Another possible combination would occur with two doses of two adenovirus-based vaccines: the first from AstraZeneca and the second from Sputnik V, the Russian vaccine that is already being used in 59 countries. For now, this is not possible in Spain, because this vaccine is not authorized by the EMA.

As explained by the secretary of the Spanish Immunology Society in elDiario.es, the issue of the second dose is not as worrying, at least not as much as the population receiving the first dose as soon as possible. With a single prick of AstraZeneca, the vaccinated person achieves, a few weeks later, an immunity of up to 76%. The limitation of AstraZeneca will help those over 60 and the immunosuppressed to get vaccinated more quickly. Between postponing the second dose or injecting the serum from another manufacturer, Cámara prefers the option of continuing to vaccinate the population with the first dose, and not slow down.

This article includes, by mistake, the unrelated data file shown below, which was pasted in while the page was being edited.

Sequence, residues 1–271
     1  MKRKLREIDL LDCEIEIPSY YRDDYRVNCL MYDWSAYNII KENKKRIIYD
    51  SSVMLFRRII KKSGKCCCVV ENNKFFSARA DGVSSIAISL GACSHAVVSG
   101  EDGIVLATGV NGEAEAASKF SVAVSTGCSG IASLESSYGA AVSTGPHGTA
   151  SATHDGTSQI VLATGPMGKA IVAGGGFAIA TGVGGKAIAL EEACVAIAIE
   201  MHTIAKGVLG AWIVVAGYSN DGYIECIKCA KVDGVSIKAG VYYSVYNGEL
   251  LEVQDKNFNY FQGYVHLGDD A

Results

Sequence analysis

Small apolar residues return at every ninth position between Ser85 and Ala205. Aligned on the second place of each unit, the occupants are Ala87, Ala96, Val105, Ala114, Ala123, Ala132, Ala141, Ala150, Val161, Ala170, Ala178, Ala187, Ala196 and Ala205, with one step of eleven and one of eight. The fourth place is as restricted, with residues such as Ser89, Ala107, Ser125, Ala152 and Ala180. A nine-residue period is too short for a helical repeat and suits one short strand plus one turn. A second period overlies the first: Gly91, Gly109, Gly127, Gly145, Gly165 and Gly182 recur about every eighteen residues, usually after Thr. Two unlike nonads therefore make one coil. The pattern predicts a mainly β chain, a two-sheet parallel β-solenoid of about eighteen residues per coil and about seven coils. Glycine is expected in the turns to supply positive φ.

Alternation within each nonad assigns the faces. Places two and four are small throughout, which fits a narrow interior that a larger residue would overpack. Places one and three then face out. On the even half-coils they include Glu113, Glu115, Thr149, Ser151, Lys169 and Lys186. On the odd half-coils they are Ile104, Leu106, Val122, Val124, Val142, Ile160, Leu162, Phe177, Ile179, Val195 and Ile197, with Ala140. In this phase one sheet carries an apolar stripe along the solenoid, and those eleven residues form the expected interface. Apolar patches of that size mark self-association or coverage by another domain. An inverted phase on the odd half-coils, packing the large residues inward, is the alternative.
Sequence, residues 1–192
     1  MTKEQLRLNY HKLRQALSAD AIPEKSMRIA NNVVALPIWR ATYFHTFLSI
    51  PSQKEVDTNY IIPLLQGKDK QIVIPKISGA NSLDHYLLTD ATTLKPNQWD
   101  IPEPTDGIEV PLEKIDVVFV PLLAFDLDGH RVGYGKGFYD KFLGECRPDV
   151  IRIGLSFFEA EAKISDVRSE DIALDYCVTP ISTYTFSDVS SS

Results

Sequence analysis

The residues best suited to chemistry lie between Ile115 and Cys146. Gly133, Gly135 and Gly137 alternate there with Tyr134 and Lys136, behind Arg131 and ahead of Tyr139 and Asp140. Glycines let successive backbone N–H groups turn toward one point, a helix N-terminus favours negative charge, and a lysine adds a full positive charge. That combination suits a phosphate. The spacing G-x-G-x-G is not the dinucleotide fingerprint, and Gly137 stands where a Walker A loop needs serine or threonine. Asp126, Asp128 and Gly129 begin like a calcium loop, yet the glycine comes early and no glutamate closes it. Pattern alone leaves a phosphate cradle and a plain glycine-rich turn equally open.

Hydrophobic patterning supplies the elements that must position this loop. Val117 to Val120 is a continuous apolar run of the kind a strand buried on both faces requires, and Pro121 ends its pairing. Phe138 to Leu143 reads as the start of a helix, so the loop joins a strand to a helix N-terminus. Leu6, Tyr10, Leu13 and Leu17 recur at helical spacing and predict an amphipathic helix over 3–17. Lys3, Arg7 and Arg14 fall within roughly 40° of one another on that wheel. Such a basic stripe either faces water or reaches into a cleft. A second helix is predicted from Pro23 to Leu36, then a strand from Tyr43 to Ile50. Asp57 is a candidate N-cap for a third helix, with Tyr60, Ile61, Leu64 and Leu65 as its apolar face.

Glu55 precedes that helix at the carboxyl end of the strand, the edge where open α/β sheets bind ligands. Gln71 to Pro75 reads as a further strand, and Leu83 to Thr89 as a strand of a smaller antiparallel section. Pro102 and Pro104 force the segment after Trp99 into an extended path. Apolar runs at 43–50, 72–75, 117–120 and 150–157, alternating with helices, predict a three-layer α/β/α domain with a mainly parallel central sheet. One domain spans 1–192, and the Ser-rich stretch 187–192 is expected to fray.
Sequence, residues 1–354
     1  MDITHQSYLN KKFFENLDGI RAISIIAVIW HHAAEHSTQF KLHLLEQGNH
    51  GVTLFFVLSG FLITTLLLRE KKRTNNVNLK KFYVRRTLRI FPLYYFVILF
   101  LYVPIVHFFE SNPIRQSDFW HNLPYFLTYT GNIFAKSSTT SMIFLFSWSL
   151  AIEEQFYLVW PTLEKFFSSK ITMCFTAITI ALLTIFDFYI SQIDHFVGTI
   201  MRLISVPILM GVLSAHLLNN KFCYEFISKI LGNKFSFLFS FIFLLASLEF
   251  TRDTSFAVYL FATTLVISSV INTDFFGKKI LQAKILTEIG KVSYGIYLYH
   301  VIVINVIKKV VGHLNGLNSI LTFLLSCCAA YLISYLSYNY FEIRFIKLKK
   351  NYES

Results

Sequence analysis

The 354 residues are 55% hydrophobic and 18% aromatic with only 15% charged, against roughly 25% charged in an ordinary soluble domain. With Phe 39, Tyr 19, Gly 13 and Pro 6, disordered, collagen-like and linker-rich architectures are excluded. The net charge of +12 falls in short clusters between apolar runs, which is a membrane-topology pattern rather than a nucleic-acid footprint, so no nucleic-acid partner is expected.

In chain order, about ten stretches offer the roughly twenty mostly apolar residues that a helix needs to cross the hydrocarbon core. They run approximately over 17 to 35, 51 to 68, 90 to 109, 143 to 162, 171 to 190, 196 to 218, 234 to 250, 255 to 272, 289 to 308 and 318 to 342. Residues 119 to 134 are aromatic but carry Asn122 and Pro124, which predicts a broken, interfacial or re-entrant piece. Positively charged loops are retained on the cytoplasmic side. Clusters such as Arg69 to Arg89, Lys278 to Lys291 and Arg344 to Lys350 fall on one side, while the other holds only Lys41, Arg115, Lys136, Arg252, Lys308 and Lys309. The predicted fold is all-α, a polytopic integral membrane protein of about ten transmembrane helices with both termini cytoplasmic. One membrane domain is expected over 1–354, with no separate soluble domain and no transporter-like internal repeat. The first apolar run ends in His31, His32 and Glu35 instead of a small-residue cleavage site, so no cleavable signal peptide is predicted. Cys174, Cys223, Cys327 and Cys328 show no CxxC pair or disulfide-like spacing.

“If we leave these people with a single dose, we are not fully protecting them,” indicates, however, José Antonio Forcada, president of the Nursing and Vaccine Association (ANENVAC), “they could become infected, transmit the disease to other people and even get sick. and having to be hospitalized. “

“With the vaccine we are saving millions of lives and we are protecting a drowned health system, but if we do not accelerate vaccination in a brutal way, there will be no way to recover social life and the economy,” adds Forcada.